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Why Breaking Bad's Blue Sky Makes No Sense

The term "iconic" gets tossed about quite a bit these days, in reference to one television program or another, but the hard truth of the matter is not many shows actually live up to that billing. In fact, in the past two decades or so, only a handful can legitimately lay claim to the word — and chief among them is AMC's masterful crime drama Breaking Bad. Set largely amid the scorched-Earth vistas of Albuquerque, New Mexico, the series charts the astonishing transformation of high school chemistry teacher Walter White (Bryan Cranston) into the key figure in a massive methamphetamine empire before exploring his soul-crushingly inevitable downfall. From that setup, series creator Vince Gilligan managed to assemble 62-episodes of near flawless dramatic television that continue to rank Breaking Bad at the top of many "Best TV Show" lists.

That's not too shabby, for a show that's been off the air for over seven years. But even in its absence, the legacy of Breaking Bad continues to grow, with fans old and new adding the "iconic" label to everything from Cranston's towering performance as Walter to the series' twangy theme music. Heck, even the pork pie hat Cranston wore as his character's alter ego, "Heisenberg," has been called iconic.

As it happens, the series' symbolic use of color is frequently mentioned when discussing the iconic elements that formed Breaking Bad. While greens, yellows, and whites are signature colors throughout, blue is the one most frequently overlooked — this, in spite of the fact that it's the color of Walt's signature "Blue Sky" meth. 

Nonetheless, blue is repeatedly used in Breaking Bad to signify both loyalty and purity. However, despite Walt's argument that his signature cook is blue because it's the purest out there, science simply does not support such a claim.

Turns out there's zero science to support the color of Walter's famed blue meth

Over the years, Breaking Bad has often been noted for both its authenticity, in particular with its depiction of manufacturing methamphetamine. But according to Breaking Bad's science adviser Dr. Donna Nelson, Gilligan drew a line in the New Mexico sand when it came to the science of Walt's blue product. Chiefly, Nelson is adamant that Walt's purity claims about "Blue Sky" make no sense, because pure meth would, inherently, be white.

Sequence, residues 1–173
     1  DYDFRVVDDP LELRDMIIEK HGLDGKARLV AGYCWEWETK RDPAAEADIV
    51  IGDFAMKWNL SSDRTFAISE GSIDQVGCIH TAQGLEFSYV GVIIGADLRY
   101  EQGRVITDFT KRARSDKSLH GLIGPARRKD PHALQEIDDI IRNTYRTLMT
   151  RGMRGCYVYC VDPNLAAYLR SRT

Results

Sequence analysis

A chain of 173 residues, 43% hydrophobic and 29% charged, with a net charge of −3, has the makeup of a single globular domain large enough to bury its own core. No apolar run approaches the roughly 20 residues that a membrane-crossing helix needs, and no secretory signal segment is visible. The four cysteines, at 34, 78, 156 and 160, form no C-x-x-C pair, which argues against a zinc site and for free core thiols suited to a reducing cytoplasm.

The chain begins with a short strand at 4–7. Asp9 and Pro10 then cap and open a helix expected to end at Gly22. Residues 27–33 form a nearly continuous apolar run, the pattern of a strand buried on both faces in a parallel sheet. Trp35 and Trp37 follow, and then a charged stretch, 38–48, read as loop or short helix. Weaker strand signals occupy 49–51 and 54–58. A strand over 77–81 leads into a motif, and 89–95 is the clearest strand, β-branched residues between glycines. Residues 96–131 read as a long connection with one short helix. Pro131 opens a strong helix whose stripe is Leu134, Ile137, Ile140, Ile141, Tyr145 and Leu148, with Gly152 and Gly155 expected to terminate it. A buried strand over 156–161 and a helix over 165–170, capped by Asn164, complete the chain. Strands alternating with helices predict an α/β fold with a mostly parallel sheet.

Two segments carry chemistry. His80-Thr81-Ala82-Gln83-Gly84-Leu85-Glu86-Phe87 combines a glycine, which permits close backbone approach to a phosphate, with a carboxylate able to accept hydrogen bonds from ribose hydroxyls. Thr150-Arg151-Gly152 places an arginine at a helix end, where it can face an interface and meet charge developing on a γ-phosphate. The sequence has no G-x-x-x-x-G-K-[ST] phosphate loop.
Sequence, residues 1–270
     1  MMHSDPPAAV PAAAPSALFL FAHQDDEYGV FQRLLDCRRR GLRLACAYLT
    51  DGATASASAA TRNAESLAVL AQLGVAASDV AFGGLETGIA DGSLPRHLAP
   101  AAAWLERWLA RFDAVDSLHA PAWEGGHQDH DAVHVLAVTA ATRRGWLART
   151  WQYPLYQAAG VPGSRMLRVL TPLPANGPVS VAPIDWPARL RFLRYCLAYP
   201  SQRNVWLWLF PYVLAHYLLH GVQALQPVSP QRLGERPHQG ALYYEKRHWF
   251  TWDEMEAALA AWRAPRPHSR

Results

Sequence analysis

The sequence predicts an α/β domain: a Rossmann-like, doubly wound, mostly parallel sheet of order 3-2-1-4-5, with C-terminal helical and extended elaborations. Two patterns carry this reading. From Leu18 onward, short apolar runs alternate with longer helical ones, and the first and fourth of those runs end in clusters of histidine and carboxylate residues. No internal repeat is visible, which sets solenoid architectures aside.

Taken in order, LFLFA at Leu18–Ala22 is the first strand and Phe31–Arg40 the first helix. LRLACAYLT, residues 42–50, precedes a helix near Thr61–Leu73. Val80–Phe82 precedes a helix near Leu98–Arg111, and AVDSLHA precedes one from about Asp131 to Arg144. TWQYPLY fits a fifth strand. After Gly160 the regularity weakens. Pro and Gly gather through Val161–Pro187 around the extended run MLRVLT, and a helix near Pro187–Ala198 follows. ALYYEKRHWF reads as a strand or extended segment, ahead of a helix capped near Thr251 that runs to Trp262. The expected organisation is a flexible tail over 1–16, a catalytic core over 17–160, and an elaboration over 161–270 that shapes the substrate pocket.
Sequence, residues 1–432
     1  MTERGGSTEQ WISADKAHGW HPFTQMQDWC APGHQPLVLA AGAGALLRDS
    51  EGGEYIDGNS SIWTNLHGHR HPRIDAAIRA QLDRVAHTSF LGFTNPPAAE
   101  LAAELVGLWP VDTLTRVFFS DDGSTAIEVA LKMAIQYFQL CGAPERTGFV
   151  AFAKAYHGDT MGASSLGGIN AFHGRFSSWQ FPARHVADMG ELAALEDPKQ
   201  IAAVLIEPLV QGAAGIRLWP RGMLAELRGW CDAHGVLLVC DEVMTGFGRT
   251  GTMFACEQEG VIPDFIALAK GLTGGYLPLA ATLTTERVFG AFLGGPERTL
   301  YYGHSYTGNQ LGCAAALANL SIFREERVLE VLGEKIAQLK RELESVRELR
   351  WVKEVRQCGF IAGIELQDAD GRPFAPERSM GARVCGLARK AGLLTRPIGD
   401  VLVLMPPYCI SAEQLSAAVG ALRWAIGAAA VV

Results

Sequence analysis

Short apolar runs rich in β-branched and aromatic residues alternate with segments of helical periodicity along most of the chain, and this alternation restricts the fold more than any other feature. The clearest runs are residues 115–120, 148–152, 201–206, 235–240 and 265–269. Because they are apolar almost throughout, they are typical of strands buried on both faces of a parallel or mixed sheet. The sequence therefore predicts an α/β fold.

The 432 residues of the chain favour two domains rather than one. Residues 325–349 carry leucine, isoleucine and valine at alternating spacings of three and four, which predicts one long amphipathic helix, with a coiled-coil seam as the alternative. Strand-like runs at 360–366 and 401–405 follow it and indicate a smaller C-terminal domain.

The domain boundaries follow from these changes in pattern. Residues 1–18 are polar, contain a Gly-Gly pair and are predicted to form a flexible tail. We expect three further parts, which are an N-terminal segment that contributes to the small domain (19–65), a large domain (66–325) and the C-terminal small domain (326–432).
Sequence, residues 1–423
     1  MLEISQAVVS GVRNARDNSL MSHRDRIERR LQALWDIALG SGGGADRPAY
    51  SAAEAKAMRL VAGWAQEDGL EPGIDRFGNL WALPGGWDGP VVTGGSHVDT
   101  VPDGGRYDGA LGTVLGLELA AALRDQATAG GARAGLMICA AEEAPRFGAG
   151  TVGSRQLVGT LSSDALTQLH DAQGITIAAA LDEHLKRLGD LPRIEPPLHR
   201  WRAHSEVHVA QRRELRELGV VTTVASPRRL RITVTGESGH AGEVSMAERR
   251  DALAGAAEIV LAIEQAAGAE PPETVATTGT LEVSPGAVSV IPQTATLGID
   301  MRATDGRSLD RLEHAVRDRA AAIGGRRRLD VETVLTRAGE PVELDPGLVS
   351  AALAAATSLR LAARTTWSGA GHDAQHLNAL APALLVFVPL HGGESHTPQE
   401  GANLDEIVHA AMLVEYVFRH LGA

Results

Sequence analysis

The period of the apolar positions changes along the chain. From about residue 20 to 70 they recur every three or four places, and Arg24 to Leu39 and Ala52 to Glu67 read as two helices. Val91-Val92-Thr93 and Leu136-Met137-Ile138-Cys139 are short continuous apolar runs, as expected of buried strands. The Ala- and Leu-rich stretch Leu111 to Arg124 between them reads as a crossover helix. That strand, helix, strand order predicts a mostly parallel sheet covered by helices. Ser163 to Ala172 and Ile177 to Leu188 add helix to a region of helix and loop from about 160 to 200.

In a recent chat with Showbiz Cheat Sheet, Dr. Nelson went on record stating that she specifically advised Vince Gilligan not to make Walt's "Blue Sky" blue at all: "On one of my set visits, Vince came to me and said, 'What do you think about making the meth blue?' And I said, 'I wouldn't do it.'"

From there, Dr. Nelson described a hilarious behind-the-scenes back-and-forth, making it clear Gilligan was probably too attached to the pure blue meth concept to change his mind by the time he consulted his advisor. In her words, "He said, 'Well, wouldn't there be some reason if it was pure that it might be blue? You know, a little bit blue.' And I said, 'No, because meth is white.' And he said, 'Well, what if it's pure?' And I said, 'Then it'll be white.' And he said, 'What if it's really, really, really pure?' And I said, 'Then it'll be really, really, really white.'"

In the end, Gilligan chose to eschew the science of meth for aesthetic purposes. And in all honesty, the world should be A-okay with the choice, because at this point, it's hard to imagine Breaking Bad without, "the blue stuff." Sure, it cost the show some credibility in the eyes of science, but it undoubtedly helped make for iconic television.